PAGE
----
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COVID-19 Myths and Facts

Myth:  The COVID‑19 vaccine isn’t safe because it was developed so quickly.

Fact:   Because of the revolutionary and fully approved new production methods, the vaccines could be prepared and tested quickly. Before receiving approval for use, manufacturers had to meet the rigorous FDA requirements and test the vaccines on thousands of people. The emergency nature of the pandemic required a quick response, but thorough safety standards were still required and met. Additionally, we expect the Emergency use authorization to but upgraded to full approval due to the use in tens of millions of people and the proven effectiveness and safety.
 

Myth:  The COVID‑19 vaccine can alter a person’s DNA.

Fact:   No. The vaccine does not affect or change a person's DNA or genetic makeup in any way. The COVID‑19 vaccine does not enter the nucleus of the cell, which means it cannot interact with DNA.
 

Myth:  The COVID‑19 vaccine can give me COVID‑19.

Fact:   It is impossible for the COVID‑19 vaccine to give you COVID‑19. The potential side effects are a normal sign that you are developing immunity against the virus (and even if you don’t have side effects the vaccine is working). Also, because it takes a few weeks after receiving the vaccine for your body to build immunity, it is possible for you to get COVID-19 just after you have been vaccinated, before you have built immunity.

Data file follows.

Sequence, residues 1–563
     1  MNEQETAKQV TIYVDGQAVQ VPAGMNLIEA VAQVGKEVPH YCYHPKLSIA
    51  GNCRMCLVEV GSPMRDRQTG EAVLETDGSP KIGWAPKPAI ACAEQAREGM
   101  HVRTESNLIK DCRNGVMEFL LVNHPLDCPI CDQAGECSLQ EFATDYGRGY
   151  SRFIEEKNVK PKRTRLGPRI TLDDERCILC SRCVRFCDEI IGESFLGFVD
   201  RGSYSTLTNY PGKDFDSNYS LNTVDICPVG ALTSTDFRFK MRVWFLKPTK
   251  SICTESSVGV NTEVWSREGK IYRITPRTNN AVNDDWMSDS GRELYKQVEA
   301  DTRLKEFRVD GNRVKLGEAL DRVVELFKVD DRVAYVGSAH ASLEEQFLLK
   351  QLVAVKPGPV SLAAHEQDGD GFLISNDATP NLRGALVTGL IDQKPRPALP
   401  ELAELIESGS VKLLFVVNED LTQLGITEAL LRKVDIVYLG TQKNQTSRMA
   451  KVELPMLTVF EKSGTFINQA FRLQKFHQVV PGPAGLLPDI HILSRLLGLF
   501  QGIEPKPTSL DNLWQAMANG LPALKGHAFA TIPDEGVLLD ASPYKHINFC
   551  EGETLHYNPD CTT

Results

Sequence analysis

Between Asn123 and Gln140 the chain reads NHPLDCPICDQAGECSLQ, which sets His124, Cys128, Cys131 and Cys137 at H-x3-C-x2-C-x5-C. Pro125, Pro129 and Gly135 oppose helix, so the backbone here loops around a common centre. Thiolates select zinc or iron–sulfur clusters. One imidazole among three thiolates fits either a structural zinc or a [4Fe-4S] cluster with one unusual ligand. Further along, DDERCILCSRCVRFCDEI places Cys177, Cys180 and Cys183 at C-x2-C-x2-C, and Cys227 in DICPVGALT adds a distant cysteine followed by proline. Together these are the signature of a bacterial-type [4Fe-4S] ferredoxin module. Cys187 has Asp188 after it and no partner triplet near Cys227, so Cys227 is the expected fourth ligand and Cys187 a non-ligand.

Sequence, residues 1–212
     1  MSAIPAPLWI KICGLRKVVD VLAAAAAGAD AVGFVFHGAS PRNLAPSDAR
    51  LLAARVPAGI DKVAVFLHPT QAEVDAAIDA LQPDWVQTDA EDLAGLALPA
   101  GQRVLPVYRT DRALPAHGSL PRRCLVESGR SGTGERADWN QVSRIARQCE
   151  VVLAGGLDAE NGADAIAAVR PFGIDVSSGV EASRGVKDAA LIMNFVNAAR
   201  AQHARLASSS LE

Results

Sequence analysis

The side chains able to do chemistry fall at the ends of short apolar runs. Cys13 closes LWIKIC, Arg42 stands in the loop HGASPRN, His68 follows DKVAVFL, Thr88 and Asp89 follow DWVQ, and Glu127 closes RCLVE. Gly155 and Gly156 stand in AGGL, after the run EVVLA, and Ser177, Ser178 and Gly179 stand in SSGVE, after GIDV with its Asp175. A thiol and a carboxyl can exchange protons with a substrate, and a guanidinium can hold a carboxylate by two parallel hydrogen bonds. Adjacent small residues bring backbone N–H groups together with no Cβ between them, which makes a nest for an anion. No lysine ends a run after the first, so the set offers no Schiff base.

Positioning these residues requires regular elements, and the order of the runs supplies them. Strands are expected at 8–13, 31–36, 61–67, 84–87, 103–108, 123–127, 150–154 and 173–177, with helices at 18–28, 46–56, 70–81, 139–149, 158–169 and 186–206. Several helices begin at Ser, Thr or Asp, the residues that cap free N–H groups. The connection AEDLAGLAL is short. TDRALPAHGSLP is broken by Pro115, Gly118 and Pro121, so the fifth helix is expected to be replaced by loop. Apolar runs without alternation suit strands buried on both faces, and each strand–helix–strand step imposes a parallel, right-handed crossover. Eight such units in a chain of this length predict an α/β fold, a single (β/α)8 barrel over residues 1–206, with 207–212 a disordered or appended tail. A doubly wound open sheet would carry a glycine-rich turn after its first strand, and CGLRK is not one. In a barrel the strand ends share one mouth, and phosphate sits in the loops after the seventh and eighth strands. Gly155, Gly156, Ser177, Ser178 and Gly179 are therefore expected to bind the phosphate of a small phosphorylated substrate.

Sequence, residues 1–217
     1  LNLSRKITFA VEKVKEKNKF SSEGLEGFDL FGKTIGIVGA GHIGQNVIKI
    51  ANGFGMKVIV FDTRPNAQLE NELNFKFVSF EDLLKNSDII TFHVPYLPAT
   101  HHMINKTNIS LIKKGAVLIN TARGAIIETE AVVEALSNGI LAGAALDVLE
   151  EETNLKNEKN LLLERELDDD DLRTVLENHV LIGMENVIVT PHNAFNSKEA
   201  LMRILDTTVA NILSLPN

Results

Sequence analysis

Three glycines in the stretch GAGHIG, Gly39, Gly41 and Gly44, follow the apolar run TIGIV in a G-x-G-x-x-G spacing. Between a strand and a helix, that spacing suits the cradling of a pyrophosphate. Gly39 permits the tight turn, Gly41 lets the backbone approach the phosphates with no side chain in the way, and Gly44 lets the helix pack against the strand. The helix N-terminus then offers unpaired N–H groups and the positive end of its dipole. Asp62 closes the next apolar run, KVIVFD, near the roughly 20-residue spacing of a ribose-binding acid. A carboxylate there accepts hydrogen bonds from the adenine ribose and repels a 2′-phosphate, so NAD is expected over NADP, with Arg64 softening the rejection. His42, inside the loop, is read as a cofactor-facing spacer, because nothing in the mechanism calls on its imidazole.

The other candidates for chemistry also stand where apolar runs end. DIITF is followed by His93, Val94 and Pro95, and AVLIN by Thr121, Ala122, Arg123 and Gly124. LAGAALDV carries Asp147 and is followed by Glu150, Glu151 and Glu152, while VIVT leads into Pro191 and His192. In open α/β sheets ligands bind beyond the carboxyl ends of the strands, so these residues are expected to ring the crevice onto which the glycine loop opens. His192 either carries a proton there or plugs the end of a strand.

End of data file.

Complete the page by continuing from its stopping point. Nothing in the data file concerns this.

Myth:  If I’ve had COVID‑19, I don't need to get the COVID‑19 vaccine.

Fact:   No. We know that immunity lessens over time and some people have contracted COVID-19 twice. Therefore, even if you already had COVID‑19, you should get the vaccine to protect yourself from reinfection.
 

Myth:  If a person has a food allergy, is immunocompromised, pregnant, or breastfeeding, they can’t get the COVID‑19 vaccine.

Fact:   This has now been evaluated in millions of people and the incidence of severe reactions is extremely rare and easily treatable. Pregnant and breastfeeding women have been extensively studied and the vaccine is safe for mother and baby.  People can still get vaccinated if they have food allergies, existing health conditions, or are pregnant or breastfeeding. The dangers of COVID‑19 infection far outweigh the tiny risks of a reaction.
 

Myth:  Once I’ve received my COVID-19 vaccines, I no longer have to practice social distancing or wear a mask.

Fact:   We are seeing breakthrough infections in vaccinated people related to exposure to infected people in close proximity. Additionally, while the vaccines are highly effective, there is still a chance that you can transmit the virus to others, even after receiving the vaccine. In order to stop the spread, even vaccinated individuals need to continue to take precautions such as masking and social distancing. We are still learning more about how well the vaccines work, and experts will update recommendations when it is safe to do so.